What's Behind Yesterday’s Market Drop?

Posted by Brad McMillan, CFA, CAIA, MAI

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This entry was posted on Oct 2, 2014 2:53:03 PM

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yesterday's market dropAfter the decline in the stock market yesterday, the question on many people’s minds is whether this is the correction we’ve been waiting for. It could be. But even if it’s not, we may well be in for a turbulent month.

Let's look at what could be behind the market drop and where the market might be going from here.

A sharp decline in earnings growth

I'll start with the fundamentals. Per FactSet, expectations for third-quarter earnings growth have dropped from 8.9 percent on June 30 to 4.7 percent, a decline of almost half. Lower earnings growth should result in lower stock prices; instead, prices climbed over the first two months of the quarter.

Arguably, the current decline in the market is merely a response to the decline in earnings growth.

Rising risks abroad

Moving on to risks, the past couple of months have seen the Scottish referendum, sanctions on Russia starting to bite the European economies, and a lawsuit within Germany that might declare many of the European Central Bank’s actions illegal. Europe is looking much shakier on many fronts. China, in the meantime, could be starting to see housing price declines—a new and very scary development.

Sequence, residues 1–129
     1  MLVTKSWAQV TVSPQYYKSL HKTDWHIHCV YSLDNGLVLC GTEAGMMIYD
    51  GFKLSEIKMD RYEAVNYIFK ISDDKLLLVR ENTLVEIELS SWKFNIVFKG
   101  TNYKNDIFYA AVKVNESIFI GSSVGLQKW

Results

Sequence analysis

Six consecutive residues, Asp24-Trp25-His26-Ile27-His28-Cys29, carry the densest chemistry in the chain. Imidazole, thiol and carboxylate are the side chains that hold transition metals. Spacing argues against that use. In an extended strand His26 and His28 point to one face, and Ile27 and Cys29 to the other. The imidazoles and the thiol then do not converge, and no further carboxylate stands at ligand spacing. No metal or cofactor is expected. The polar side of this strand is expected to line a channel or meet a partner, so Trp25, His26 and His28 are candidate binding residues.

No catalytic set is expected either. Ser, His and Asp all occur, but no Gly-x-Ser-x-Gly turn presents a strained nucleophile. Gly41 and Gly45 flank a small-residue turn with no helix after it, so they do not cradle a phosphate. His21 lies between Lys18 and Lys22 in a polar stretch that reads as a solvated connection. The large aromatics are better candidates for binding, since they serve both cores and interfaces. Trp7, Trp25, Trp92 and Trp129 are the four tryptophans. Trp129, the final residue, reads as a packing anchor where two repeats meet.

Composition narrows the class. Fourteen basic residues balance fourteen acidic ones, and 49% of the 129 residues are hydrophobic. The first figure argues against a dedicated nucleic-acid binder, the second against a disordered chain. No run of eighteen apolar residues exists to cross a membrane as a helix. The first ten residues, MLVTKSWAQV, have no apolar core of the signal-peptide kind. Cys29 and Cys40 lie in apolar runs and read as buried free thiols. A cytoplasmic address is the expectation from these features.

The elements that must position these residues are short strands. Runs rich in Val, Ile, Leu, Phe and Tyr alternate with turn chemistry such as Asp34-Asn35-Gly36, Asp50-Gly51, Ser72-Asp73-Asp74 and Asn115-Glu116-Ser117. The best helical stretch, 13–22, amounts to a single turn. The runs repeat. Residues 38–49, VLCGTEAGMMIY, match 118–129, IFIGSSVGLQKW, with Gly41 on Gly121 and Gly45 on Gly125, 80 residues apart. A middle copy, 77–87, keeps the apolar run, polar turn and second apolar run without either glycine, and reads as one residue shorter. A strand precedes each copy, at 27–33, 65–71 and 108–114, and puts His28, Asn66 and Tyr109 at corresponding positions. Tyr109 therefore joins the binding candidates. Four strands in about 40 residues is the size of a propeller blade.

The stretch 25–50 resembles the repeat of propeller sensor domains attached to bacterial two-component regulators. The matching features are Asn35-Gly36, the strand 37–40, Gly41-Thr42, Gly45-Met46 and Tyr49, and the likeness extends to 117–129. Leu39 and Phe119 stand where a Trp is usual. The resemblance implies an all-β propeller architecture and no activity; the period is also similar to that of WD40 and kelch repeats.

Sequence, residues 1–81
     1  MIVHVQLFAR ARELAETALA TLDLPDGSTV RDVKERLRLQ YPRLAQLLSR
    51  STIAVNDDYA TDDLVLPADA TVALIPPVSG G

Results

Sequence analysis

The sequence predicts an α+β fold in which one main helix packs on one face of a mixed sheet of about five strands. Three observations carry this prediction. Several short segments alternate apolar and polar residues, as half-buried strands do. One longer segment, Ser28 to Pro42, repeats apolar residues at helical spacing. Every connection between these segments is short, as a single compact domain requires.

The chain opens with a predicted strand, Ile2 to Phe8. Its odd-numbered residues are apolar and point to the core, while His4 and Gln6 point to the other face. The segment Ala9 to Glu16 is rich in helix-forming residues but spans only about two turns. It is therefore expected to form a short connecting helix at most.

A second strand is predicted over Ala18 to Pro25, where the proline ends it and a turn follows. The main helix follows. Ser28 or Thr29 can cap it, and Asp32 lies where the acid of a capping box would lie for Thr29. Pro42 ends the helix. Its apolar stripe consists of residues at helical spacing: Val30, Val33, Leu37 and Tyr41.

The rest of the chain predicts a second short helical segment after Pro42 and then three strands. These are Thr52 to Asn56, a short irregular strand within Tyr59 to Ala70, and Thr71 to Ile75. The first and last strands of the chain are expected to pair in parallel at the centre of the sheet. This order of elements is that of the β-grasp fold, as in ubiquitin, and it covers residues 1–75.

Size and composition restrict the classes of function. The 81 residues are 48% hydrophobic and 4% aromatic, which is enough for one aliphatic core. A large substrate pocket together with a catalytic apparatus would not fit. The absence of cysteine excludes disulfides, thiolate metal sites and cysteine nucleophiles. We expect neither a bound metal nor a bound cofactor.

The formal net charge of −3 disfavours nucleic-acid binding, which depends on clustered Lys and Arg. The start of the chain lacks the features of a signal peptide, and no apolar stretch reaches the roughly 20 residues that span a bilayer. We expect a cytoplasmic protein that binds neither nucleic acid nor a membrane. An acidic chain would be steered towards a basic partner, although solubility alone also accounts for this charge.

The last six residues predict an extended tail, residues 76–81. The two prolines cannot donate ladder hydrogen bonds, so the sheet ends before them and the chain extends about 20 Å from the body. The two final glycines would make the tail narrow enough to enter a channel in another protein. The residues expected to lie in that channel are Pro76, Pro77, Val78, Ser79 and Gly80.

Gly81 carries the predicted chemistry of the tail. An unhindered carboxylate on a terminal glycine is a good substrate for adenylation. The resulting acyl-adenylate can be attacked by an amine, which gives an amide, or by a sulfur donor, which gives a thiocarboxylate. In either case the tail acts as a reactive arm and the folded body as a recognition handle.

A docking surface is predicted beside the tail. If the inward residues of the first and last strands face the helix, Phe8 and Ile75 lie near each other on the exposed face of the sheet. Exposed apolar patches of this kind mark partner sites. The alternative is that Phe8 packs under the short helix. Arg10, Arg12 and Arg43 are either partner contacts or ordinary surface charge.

These factors have shown up in international stock market results over the past month, which have been much worse than U.S. returns.

Just a normal adjustment?

The current decline, then, might be nothing more than a rational adjustment to changing expectations. If so, it could be relatively minor, and over soon. This makes sense, because the drop, as I write this, is about 4.5 percent—minor by historical standards. We’ve seen very few declines recently, so this feels worse than it really is.

But if the decline is normal now, we have to think about when it might become abnormal, signaling something worse than a normal correction.

A look at the moving averages

A metric that I use, and one that has worked well in the past, is to compare current prices with moving averages, which are simply the average of the closing price for the past X number of days. The idea is, when prices move above or below an average, we’re seeing a change in trend. We’ve been in an uptrend for some time, so any move below would be significant.

market drop

The trade-off between shorter periods and longer ones is between false alarms and less damage to your portfolio. The 50-day moving average will get you out faster, but you’ll probably end up moving right back in.

Yesterday, we broke through the 100-day moving average. In and of itself, this is not a big deal—it’s already happened three times so far this year—but the speed and amount by which we dropped through it was noteworthy.

When will I start to worry?

Where I really start to pay attention is when we break the 200-day moving average. Based on history, this is the point at which a significant further decline becomes increasingly possible. We aren’t there yet, but we’re moving closer.

Right now, the 200-day moving average is just about 1,900 on the S&P 500. If we drop below that point, my level of concern will increase substantially. Even if we do break below that level, it’s not an inevitable indication of problems (as you can see in the above chart for 2011), but it does raise the odds.

Hopefully, we won’t get to that point.

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